ASH Daily News for 27 September 2016
- Illnesses associated with lifestyle factors costs the NHS £11 billion
- Smoking and Disability: Give up this October
- Wales: Smoking ban could be rolled out across Swansea Bay beaches
- Australia: Cancer Council Victoria welcomes ruling on sensitive data
- PAHO recognizes Uruguay for defending tobacco control policies against commercial interests
Illnesses associated with lifestyle factors costs the NHS £11 billion
Health problems related to poor diet, drinking and smoking are costing the NHS in England more than £11bn each year, officials say.
Public Health England (PHE) says that unless they are tackled more effectively the NHS will become unaffordable. It warns conditions such as type 2 diabetes and smoking-related bronchitis are a new and untreatable epidemic.
Dr Rebecca Wagstaff of PHE says these conditions pose a real threat to the future sustainability of the health service. “When you look back to Victorian times, we worried about things like diphtheria and polio, and we’ve actually managed to conquer those now. The new threats are things like diabetes and chronic bronchitis. They could overwhelm us. They are illnesses for which there is no cure, and they cost the NHS more than £11bn each year. That’s a phenomenal amount of money and more than that, it is taking years off people’s lives.”
Source: BBC News – 25 September 2016
Smoking and Disability: Give up this October
For the fifth year running October is becoming Stoptober, a designated month for giving up tobacco. Last year, Stoptober saw 2.5 million people try to quit, and for one in five of them, it was a successful attempt.
It is estimated that rates of smoking amongst disabled adults are some 50% higher than among the general population, and one reason that has been put forward for this is less access to smoking cessation services.
However, this year Stoptober is moving online. Not only does the NHS have a dedicated website, but Public Health England is preparing a suite of online resources and utilising social media tools such facebook messenger to give advice and support to those attempting to quit. For those who find stop smoking services inaccessible this move online could be a new route to quitting tobacco.
Source: Independent Living – 26 September 2016
Wales: Smoking ban could be rolled out across Swansea Bay beaches
Swansea Councillors are to discuss the possibility of the ban on smoking at Caswell Bay being extended to other areas around Swansea Bay.
The prohibition was put into force at the end of April. One survey of beach goers by the authority has found 90 per cent supported the move, and 88 per cent would “like to see a similar smoking restriction on other beaches.”
Suzanne Cass, chief executive of ASH Wales Cymru, said: “We know that seeing smoking highly influences young people and it is imperative we do anything we can to stop smoking being seen as ‘normal’ and keep our next generation away from tobacco’s clutches.”
Source: South Wales Evening Post – 26 September 2016
Australia: Cancer Council Victoria welcomes ruling on sensitive data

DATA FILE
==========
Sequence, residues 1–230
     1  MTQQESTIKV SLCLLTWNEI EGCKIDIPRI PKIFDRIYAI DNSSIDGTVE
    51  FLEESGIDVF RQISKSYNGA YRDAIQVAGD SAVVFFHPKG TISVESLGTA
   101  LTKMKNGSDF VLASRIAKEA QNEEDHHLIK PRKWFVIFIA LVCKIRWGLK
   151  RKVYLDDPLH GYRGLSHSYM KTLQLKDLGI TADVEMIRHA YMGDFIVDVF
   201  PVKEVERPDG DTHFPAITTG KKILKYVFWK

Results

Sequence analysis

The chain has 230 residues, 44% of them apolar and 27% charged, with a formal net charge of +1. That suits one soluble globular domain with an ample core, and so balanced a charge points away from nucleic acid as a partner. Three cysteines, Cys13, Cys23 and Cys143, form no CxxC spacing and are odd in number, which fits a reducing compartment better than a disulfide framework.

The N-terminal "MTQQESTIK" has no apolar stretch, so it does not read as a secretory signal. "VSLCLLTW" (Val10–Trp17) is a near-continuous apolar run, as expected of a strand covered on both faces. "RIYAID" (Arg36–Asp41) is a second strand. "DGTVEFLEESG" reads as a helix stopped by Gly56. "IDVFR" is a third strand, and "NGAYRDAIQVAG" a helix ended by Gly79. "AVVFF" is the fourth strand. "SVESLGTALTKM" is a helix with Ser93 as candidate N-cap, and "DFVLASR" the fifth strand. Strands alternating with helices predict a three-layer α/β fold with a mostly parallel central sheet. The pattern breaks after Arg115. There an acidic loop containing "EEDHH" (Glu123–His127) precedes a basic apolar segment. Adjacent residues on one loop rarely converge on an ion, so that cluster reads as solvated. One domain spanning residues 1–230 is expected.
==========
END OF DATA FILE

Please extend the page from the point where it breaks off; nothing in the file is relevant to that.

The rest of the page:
Cancer Council Victoria has welcomed a Victorian Civil and Administrative Tribunal (VCAT) ruling that British American Tobacco (BAT) will not be granted access to data files containing information provided by thousands of Australian school children. VCAT has ruled that five of six documents sought by BAT should not be released to the cigarette company.
The data in question is from the Australian Secondary Students’ Alcohol and Drug Survey (ASSAD) which is undertaken by Cancer Council Victoria.
“The ASSAD survey is an important piece of scientific public health research that is subject to stringent approval processes from ethics committees, education authorities and schools. Handing over such sensitive data would be a breach of trust, and would have jeopardised Cancer Council’s ability to continue surveying students in future years, potentially ending our ability to understand smoking behaviour in Australian adolescents,” said Cancer Council Victoria CEO Todd Harper.
Source: Cancer Council Victoria – 27 September 2016
PAHO recognizes Uruguay for defending tobacco control policies against commercial interests
The Pan American Health Organization/World Health Organization (PAHO/WHO) has recognized the Government of Uruguay for ‘its global leadership in defending tobacco control policies in benefit of public health over commercial interests.’ The recognition was made before an audience of health leaders from throughout the Americas attending the 55 PAHO Directing Council.
In July 2016 Uruguay won an international legal case brought by the tobacco company Philip Morris International against tobacco control regulations implemented in line with the WHO Framework Convention on Tobacco Control (FCTC).
President Tabaré Vázquez of Uruguay called on the countries of the Americas to form a global alliance against the epidemic of noncommunicable diseases including not only governments but other interested parties as well. He added that tobacco consumption is among the most important risk factor for noncommunicable diseases and urged the application of measures called for in the WHO FCTC.
Source: Public Now – 26 September 2016